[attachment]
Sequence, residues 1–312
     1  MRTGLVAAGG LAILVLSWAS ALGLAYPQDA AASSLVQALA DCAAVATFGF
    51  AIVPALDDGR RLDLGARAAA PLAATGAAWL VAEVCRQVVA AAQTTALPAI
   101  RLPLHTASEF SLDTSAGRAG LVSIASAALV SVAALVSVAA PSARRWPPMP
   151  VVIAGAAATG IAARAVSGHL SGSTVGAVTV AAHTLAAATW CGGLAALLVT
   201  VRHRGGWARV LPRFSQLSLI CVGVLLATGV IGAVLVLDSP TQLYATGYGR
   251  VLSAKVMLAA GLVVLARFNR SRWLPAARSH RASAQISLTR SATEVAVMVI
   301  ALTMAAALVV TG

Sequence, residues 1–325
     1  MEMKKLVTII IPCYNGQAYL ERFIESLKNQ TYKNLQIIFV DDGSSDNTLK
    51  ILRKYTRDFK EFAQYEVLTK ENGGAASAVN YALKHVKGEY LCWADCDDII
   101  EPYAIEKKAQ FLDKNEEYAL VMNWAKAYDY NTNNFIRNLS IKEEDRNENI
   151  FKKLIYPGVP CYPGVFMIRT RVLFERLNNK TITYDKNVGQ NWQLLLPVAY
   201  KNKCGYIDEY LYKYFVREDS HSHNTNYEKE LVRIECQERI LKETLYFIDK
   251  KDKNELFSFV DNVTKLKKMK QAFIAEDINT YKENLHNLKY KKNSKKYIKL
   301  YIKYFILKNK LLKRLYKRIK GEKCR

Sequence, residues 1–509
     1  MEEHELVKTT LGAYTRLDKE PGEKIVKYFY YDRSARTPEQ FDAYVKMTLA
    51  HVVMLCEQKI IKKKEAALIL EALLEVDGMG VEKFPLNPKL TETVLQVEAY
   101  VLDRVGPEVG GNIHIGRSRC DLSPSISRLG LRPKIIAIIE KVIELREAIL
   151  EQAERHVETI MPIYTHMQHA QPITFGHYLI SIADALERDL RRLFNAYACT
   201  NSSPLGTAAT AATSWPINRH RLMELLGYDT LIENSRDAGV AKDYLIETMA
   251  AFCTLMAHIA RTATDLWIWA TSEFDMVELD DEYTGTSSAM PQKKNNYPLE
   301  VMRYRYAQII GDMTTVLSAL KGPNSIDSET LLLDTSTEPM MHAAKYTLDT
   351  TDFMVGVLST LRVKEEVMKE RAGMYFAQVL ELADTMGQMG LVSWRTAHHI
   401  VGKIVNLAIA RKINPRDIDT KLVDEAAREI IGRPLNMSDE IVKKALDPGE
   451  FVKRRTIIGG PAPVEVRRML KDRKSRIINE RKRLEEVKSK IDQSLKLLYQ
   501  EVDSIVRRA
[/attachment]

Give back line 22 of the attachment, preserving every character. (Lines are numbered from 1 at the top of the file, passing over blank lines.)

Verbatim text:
   201  NSSPLGTAAT AATSWPINRH RLMELLGYDT LIENSRDAGV AKDYLIETMA